Paul, by referring to this passage is saying that God will choose whom He wants to reveal Himself through. He chooses His servants, He chooses His vessels, He chooses the measure of revelation that each gets. Up to this point of Paul's writing it was Israel, in the present time it is through the church, this unique body of people from every tribe and nation, including, but not limited to (hallelujah!) Israel of Israel.
We Interrupt Our Regularly Scheduled Programming for ...Some of my Designs
Jacob I have loved; Esau I have hated
(More from Romans 9)10 And not only this, but when Rebecca also had conceived by one man, even by our father Isaac 11 (for the children not yet being born, nor having done any good or evil, that the purpose of God according to election might stand, not of works but of Him who calls), 12 it was said to her, “The older shall serve the younger.” 13 As it is written, “Jacob I have loved, but Esau I have hated.”
The reference in purple is this here below from Genesis:
23 And the LORD said to her:
Two nations are in your womb,
Two peoples shall be separated from your body;
One people shall be stronger than the other,
And the older shall serve the younger.” (Genesis 25)
And the reference in blue is here, from the opening chapter of Malachi:
1 The burden of the word of the LORD to Israel by Malachi. 2 “I have loved you,” says the LORD. “Yet you say, ‘In what way have You loved us?’ Was not Esau Jacob’s brother?” Says the LORD. “Yet Jacob I have loved; 3 But Esau I have hated, And laid waste his mountains and his heritage For the jackals of the wilderness.” 4 Even though Edom has said, “We have been impoverished, But we will return and build the desolate places,” Thus says the LORD of hosts: “They may build, but I will throw down; They shall be called the Territory of Wickedness, And the people against whom the LORD will have indignation forever (Malachi 1)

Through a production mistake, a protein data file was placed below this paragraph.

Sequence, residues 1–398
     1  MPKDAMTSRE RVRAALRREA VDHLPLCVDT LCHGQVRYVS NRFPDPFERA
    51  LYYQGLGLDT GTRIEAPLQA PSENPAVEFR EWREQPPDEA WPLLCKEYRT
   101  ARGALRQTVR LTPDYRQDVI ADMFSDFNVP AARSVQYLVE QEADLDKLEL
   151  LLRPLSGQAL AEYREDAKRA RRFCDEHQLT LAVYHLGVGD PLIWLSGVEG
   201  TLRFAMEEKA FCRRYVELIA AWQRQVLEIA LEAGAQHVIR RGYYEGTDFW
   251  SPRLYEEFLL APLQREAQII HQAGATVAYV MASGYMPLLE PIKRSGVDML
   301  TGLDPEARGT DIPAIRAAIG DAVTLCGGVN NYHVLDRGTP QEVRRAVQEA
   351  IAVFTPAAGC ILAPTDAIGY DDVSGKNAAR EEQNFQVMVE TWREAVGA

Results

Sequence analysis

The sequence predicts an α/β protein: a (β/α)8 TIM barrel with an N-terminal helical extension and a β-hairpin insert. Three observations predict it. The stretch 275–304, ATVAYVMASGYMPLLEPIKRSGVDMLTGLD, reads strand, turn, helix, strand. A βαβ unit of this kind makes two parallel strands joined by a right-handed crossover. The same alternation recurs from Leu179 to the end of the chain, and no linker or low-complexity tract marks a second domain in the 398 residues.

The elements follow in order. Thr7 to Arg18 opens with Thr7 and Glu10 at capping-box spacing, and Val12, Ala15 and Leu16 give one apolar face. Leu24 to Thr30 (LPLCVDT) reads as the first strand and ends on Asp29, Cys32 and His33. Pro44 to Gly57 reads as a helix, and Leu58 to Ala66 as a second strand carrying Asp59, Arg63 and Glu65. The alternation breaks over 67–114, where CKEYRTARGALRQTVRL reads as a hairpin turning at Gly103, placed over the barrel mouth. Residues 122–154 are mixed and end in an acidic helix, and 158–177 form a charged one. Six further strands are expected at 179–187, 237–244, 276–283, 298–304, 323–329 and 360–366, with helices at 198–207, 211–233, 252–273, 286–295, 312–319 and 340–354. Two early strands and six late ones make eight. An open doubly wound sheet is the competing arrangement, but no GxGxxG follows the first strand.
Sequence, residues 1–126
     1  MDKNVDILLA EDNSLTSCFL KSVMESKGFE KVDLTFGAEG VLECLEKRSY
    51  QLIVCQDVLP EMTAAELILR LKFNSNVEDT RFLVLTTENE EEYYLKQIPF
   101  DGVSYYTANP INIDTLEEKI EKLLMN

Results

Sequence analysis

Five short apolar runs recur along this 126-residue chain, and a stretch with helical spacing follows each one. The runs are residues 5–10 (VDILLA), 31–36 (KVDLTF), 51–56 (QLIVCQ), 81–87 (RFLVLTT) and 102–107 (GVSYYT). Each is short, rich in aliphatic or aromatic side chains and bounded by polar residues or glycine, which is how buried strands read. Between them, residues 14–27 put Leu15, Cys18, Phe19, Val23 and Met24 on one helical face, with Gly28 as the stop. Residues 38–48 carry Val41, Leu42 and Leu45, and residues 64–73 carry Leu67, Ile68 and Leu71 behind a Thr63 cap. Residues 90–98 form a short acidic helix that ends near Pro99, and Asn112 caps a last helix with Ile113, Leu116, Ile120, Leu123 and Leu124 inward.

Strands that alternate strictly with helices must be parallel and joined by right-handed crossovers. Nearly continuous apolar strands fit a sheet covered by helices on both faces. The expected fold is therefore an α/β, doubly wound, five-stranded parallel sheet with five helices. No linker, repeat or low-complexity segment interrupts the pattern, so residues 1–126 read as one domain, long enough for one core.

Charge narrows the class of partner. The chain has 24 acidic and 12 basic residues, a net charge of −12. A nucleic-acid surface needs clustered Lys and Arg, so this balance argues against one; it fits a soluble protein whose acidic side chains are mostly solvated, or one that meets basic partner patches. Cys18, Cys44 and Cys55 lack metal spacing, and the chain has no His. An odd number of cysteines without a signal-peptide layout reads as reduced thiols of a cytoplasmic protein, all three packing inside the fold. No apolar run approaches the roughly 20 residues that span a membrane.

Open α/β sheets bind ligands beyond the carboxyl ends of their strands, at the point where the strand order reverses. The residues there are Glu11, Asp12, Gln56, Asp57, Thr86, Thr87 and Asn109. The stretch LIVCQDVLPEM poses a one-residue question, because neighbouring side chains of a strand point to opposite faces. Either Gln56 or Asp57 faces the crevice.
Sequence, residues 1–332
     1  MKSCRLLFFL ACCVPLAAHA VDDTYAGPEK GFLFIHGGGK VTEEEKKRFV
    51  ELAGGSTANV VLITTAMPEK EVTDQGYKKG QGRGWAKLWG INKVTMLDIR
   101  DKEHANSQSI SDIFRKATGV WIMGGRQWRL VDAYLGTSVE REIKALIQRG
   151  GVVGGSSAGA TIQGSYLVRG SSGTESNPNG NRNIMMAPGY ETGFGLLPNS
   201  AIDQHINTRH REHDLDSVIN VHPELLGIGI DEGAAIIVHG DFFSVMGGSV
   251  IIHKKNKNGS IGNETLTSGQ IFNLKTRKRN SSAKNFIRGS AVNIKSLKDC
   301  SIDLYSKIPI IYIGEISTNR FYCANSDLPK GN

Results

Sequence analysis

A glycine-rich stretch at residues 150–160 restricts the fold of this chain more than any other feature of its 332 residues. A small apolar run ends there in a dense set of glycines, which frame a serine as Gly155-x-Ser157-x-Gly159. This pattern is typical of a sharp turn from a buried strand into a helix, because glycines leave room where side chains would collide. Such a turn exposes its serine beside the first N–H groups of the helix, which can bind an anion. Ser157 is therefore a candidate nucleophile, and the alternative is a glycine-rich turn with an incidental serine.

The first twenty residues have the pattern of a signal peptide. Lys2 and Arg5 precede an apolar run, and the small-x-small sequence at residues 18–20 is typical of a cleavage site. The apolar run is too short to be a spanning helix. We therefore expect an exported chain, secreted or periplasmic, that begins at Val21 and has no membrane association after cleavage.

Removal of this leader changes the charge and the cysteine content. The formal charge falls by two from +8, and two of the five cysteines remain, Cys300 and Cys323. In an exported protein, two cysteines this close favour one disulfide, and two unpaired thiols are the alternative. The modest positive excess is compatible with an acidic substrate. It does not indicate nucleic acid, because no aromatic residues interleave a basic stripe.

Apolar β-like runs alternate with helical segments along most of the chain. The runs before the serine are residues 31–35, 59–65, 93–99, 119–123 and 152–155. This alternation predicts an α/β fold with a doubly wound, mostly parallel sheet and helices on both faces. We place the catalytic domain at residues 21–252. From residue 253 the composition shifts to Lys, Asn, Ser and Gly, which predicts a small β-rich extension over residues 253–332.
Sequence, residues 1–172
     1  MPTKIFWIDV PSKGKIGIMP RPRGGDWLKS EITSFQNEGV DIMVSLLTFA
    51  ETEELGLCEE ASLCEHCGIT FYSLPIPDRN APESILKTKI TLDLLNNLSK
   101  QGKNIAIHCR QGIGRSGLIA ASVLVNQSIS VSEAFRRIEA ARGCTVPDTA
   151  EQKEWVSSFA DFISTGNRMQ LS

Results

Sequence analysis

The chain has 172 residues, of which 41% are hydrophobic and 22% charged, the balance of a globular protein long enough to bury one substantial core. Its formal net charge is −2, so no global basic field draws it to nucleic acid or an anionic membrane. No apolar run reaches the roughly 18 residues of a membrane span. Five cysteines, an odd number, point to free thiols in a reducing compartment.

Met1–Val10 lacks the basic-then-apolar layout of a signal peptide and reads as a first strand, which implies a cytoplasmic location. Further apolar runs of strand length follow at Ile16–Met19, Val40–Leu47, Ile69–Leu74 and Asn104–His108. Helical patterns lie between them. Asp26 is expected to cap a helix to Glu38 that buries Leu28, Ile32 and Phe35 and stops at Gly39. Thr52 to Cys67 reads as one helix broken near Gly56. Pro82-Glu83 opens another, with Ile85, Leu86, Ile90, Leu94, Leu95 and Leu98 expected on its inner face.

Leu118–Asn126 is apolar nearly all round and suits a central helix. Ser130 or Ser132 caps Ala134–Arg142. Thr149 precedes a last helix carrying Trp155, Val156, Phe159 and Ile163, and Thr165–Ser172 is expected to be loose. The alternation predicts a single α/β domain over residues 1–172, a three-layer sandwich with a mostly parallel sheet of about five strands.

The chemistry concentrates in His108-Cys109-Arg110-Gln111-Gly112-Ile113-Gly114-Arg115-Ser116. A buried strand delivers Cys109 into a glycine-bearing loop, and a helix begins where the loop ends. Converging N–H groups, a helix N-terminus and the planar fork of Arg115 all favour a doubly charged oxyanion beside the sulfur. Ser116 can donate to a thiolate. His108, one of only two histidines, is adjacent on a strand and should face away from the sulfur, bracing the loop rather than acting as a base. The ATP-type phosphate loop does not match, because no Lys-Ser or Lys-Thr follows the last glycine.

What is Genesis 25 saying? It is talking about two nations.
The nation that comes from the elder shall serve
the nation that comes from the younger. Romans 9 is telling us that this was not because of anything that either of the fathers of these nations did, because they haven't done anything yet! (They were still in the womb!) But God, in His sovereign choice, chose to make Himself known through Jacob and his seed, rag-tag group that they, in some ways, ended up being. God chose Israel, not Edom. Jacob was conniving sometimes, but God had foreordained to reveal Himself through Jacob in spite of his character flaws. It was not because Jacob was such a great man, it was because of God's choice. Period.
(This is one of the great things about the Bible - isn't it? It is so honest about its characters - they are not exalted and their flaws are not covered over, but God shows how he uses them anyway. My husband, the Earnest Contender, covered this in a post. The Bible is unprejudiced.)
Now the Malachi passage - what is that saying? It is saying that God loved the people of Israel. This is the last book we have in the OT. This was written at a time far removed from Jacob and Essau. God says he favored these people of Jacob and purposed in his heart to show them favor in the their world from the get-go. He chose them over Edom - they were to be a light to the Gentiles, but they were not serving very well. They were not discharging their responsibilities faithfully. Yet "I have loved you." He says. He favored them for His revelation. And - what do you know? About 400 years after Malachi, the Messiah came from Jacob, even though they had been unfaithful. He was still born from Jacob, these people described in chapter 1 of Malachi.
Up to this point in Romans chapter 9, this is all about the nation of Israel and it's past purpose in God's plan and the fact that He chose them for no reason in and of themselves. Some of them are faithful even though many of them are not. But God is faithful. God is sovereign and has a purpose in election that is bigger than a relationship with individuals. He has a global purpose that He is executing.